Laura Ross Wolcott

Family tree of Laura Ross Wolcott

Physician

AmericanBorn Laura J. Ross

First woman to become a physician in Wisconsin and the third woman in the United States to earn a medical degree

Born on July 16, 1826 in York, Maine , United States

Died on December 8, 1915 in Ravenswood, Illinois , United States

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Dr. Laura Ross Wolcott (born Laura J. Ross; July 16, 1826 – December 8, 1915) was the first woman to become a physician in Wisconsin and the third woman in the United States to earn a medical degree.

...   Dr. Laura Ross Wolcott (born Laura J. Ross; July 16, 1826 – December 8, 1915) was the first woman to become a physician in Wisconsin and the third woman in the United States to earn a medical degree.


Life and education
In 1826 or 1834, Laura was born in York, Maine. She was educated at George Emerson's School in Boston and later at the Horace Mann Normal School. She may also have studied in private with faculty at Harvard University. In 1856, she graduated with a medical degree from the Women's Medical College of Pennsylvania. She married Dr. Erastus B. Wolcott in 1869. In 1894 she moved to Ravenswood, Illinois. She died in 1915 in Ravenswood, Illinois.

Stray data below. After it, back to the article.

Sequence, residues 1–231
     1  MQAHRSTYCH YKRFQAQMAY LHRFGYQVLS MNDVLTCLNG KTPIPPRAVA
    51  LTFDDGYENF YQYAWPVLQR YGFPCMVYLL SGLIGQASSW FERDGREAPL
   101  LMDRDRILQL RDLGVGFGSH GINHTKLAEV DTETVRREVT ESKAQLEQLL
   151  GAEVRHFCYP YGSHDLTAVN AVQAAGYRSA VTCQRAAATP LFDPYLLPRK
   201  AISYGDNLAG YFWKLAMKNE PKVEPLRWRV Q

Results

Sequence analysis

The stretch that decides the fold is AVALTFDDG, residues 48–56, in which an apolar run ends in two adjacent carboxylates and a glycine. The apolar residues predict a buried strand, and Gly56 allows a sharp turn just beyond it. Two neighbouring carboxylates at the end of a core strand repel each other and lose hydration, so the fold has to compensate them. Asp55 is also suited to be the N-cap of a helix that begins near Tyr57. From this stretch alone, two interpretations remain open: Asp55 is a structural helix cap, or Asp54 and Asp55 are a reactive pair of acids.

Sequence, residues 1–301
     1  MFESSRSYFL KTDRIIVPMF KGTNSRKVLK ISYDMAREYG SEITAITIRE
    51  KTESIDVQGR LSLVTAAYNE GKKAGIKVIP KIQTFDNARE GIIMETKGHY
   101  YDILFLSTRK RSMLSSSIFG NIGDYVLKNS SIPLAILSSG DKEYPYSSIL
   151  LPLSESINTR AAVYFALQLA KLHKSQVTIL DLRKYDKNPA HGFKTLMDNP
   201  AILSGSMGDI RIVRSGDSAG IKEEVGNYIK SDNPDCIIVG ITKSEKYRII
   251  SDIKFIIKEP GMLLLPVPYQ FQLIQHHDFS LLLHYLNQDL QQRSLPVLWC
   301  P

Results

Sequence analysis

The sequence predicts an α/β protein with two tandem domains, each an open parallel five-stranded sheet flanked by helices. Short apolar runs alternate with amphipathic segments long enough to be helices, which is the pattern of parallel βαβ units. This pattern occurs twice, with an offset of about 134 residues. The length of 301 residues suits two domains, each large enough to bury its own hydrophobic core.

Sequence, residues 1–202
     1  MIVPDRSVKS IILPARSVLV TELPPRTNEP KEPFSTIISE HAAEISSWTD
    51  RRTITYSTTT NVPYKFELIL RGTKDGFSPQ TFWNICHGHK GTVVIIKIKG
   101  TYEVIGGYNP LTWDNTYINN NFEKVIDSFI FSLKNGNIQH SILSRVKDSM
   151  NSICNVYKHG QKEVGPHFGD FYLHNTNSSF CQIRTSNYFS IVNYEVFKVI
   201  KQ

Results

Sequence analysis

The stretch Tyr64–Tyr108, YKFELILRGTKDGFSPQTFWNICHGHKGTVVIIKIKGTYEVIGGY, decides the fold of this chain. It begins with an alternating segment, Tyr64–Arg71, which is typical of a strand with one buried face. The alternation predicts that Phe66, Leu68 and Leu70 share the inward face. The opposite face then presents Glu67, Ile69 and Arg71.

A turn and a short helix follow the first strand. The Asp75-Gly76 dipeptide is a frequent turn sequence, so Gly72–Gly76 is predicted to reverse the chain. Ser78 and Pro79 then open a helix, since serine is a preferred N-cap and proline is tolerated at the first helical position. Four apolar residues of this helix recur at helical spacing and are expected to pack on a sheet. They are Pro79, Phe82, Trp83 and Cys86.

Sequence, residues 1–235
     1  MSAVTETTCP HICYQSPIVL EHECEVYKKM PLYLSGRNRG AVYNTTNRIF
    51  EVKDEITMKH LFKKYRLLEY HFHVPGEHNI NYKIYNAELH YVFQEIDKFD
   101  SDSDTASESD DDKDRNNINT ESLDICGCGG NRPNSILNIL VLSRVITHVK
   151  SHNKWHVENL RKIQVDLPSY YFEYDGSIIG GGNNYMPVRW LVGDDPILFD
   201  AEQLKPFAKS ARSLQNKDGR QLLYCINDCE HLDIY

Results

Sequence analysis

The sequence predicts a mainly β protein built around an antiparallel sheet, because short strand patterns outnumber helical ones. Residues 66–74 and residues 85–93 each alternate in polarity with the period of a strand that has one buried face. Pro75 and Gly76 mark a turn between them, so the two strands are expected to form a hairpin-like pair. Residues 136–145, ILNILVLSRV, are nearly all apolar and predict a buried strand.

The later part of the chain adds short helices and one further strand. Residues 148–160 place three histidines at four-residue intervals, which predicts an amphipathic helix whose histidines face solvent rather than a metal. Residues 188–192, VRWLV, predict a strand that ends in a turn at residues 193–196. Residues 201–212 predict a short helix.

Career and activism
In 1857, Wolcott moved to Milwaukee, Wisconsin. She served as a consulting physician to hospitals, schools, and the Convent of Notre Dame. She also maintained a private practice. She was denied entry to the Medical Society of Milwaukee County because she was a woman. One male physician even published a false obituary of Laura in order for her patients to assume that she was dead, and thus find another doctor. A rival paper reported that she was still alive. Thus, she moved to Paris in 1867. She attended lectures at The University of Paris, then the Sorbonne. She also worked in a hospital. Additionally, she served as a commissioner to the World's Fair in Paris in 1867. She returned to Milwaukee, and was finally admitted to the Medical Society of Milwaukee County after a long waiting period. Her eventual admission was largely due to the work of an older doctor, Erastus Wolcott. He would eventually become her husband. Wolcott also organized meetings for women's suffrage in Milwaukee, Wisconsin and Madison, Wisconsin. She organized the first women's suffrage convention in Milwaukee in 1869. Susan B. Anthony spoke at the convention. Wolcott went on to become the first president of the Wisconsin Woman Suffrage Association and was active not only in campaigning for suffrage but also for the higher education of women. She expanded the organization from Milwaukee to branches in many other cities. She remained the organization's president for over 12 years. After her husband died in 1880, she gradually retired from practicing medicine.


References



Biography from Wikipedia (see original) under licence CC BY-SA 3.0

 

Geographical origins

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